Rachel Lindsay joined fellow Bachelor franchise alums Tyler Cameron, Nick Viall, Lauren Burnham and thousands more in signing a Change.org petition titled "A Campaign For Anti-Racism in the Bachelor Franchise," which demands for more diversity and representation amid the Black Lives Matter movement. The petition comes days after Lindsay, the first black Bachelorette, threatened to cut ties with The Bachelor franchise unless its "embarrassing" diversity issues are fixed. "ABC and Warner Bros. have been producing Bachelor content for 18 years. During that time they've cast 40 season leads, yet only one Black lead," reads the petition. "This is unacceptable. As creators of one of the most popular and influential franchises on television, ABC and Warner Bros. have an opportunity and responsibility to feature Black, Indigenous, People of Color ('BIPOC') relationships, families, and story lines. The franchise, and all those who represent it, should reflect and honor the racial diversity of our country -- both in front of and behind the camera." The petition calls for a black Bachelor for Season 25, at least 35% of each cast to be made up of BIPOC, hiring a diversity consultant to be present for all parts of the show and vetting contestants more thoroughly to ensure those who have promoted prejudice in the past are not cast, among other demands."
Why it matters that The Bachelor franchise keeps casting white leads: "Here's the huge problem, and why something which looks as inconsequential as The Bachelor is actually so important," says Adrienne Jones. "When you allow the lowest common denominator to run the show (in whatever area of life that 'show' is) we will never see real change. When you say to those people, who've gotten pretty good at hiding, 'Hey, we hear you don't want change. It's fine, everything will stay the same,' what you're promising them is that they will always be able to hide. You're promising those white people that their desire to pretend that they are better than non-white people is A-OK. You're telling them that they're right; non-white people don't want to look for love, or, at the very least, that search isn't worthy of having a spotlight put on it. And, if our search for love doesn't matter, if our hearts and emotions and minds and futures don't matter THEN OUR LIVES DON'T MATTER. We've seen many times in real life what happens when people are allowed to believe that our lives don't matter and see us as less than human. We've actually been seeing this for literally hundreds of years and I'm f*cking sick of it."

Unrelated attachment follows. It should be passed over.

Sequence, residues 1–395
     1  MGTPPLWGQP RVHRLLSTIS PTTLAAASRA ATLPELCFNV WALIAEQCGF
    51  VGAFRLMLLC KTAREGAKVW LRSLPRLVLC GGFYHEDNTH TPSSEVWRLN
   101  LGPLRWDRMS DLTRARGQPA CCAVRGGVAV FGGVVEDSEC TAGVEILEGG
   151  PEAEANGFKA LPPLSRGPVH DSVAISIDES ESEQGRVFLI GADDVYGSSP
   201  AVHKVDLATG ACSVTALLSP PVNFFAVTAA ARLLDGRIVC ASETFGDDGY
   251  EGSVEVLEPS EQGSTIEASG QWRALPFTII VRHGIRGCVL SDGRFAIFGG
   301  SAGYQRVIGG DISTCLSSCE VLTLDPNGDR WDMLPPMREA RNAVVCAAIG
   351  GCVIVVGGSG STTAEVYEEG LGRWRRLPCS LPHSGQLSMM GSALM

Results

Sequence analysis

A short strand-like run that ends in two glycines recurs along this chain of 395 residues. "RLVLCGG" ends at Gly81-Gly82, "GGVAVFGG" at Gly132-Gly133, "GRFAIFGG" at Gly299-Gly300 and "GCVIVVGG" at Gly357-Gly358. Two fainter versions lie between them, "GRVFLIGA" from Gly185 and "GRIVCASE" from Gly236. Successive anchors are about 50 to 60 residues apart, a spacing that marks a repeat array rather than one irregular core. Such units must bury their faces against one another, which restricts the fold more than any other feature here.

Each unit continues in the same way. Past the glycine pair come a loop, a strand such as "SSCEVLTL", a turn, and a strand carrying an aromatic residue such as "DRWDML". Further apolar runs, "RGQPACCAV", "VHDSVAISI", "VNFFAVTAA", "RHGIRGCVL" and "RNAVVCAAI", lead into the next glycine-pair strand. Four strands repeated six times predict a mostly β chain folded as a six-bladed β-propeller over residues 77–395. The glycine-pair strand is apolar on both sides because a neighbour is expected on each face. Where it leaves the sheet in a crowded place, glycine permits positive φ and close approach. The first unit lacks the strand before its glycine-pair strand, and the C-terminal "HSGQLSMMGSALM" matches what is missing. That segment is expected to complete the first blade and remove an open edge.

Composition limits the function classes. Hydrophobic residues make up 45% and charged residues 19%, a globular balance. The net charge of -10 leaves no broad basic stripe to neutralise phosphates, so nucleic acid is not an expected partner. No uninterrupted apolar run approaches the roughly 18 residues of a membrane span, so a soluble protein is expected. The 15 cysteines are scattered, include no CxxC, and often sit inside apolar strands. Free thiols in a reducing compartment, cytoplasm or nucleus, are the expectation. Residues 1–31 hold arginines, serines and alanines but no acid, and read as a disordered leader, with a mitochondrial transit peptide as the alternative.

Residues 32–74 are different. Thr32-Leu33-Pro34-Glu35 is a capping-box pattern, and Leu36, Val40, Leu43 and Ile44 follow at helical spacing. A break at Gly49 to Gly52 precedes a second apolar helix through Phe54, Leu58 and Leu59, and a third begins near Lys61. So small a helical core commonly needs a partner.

Catherine Lowe didn't think she stood a chance on The Bachelor because she's a minority: Lowe, who has a Filipino mother and a Swiss-Italian and Scottish father, wrote about her experience on the ABC reality show with now-husband Sean Lowe since their season re-aired Monday night to kick off The Bachelor: The Greatest Seasons - Ever! "I thought I was there just to check a box," writes Lowe. "But I ended up with so much more. I became present with the process and as he started noticing me for who I really was, I allowed this experience to open myself up to the possibility of being fully loved and appreciated for all that I was."